Covid-induced innovation in the business world

The Economist has a full article on this topic, here is one good excerpt:

But the defining feature of the latest innovation revolution is breakneck speed. Companies are being forced to raise their corporate metabolism and overcome “analysis paralysis”, an affliction caused by top managers having pored over the same irrelevant case studies at business school. In a recent briefing consultants at Bain urged companies to throw out old data, test quickly and often, and assume you will be in testing mode for some time to come.

The article is interesting throughout, and here is my earlier post on the rising speed premium in a pandemic world.

Comments

Some might even call it expected Kurzweilian increases from unexpected sources.

Returns to the mean. Indifference curves are multiplex in vector space.

I do not understand why this is urprising. At all. From hyper-fincom 8 years ago to present to palantir and quantum why would anyone think think that correct assumption (aka risk), at speed, greater than ETF flunkies, is less than traditional methods is the proper way of investing eludes me. Holy crap they don't even have to be right half the time, just faster.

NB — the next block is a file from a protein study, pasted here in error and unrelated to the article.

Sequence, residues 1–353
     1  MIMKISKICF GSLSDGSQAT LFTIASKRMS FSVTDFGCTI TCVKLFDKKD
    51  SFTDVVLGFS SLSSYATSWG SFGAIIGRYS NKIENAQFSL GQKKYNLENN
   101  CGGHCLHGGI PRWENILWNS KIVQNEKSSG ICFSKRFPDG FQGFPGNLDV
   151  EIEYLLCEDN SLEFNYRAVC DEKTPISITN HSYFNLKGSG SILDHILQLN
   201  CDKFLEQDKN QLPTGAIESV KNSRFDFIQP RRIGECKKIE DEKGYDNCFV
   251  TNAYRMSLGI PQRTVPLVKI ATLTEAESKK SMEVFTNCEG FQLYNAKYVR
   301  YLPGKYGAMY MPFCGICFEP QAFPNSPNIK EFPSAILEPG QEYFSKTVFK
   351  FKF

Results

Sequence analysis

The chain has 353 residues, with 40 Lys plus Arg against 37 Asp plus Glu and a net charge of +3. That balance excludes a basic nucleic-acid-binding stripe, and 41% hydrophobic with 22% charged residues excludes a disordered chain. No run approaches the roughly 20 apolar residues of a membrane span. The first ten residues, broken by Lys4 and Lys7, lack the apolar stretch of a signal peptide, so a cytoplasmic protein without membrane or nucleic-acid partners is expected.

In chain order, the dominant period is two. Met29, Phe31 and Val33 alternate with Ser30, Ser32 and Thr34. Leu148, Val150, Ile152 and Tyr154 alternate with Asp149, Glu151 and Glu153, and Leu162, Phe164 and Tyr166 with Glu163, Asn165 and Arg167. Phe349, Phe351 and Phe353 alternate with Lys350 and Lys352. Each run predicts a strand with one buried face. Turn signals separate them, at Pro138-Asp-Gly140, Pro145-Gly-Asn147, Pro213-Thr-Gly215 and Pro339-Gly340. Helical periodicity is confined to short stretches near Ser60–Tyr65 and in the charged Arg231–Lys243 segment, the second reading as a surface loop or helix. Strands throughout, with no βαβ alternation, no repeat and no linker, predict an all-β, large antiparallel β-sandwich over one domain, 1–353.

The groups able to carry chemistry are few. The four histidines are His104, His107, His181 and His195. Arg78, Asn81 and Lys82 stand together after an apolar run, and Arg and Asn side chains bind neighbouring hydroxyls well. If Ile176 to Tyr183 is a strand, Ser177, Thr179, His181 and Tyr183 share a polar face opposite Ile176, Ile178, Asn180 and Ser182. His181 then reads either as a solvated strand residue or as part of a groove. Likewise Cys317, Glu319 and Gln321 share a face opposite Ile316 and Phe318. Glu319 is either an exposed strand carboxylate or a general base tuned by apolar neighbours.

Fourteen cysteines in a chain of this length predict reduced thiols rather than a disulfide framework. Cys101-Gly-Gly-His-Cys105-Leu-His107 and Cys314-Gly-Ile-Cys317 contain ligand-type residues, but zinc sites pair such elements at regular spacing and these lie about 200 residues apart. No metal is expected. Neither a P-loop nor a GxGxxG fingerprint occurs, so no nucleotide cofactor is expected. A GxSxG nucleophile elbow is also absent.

This (not prior comment) is dumb. How could you not think computation speed was important? Isn't that what gave us the alpha is the fission bomb? Computation speed + accuracy is the ONLY metric that matters. Otherwise, you're deluding yourselves, and failure to provide proof, or otherwise, is ruin. Keep sending prospectus flunkies. Eat sushi. Mercury bearz a message.

Did you escape from r/WSB?

CNTRL + F + "patent"?

Didn't read it, did ya? A few paragraphs in:

"Most large companies do not use or license most of their patents, save their “crown jewels”."

'Confronted with the sudden closures of its primary distribution channel to restaurants and institutions, Sysco, a big American food-distribution firm, built an entirely new supply chain and billing system to serve grocery stores in less than a week.'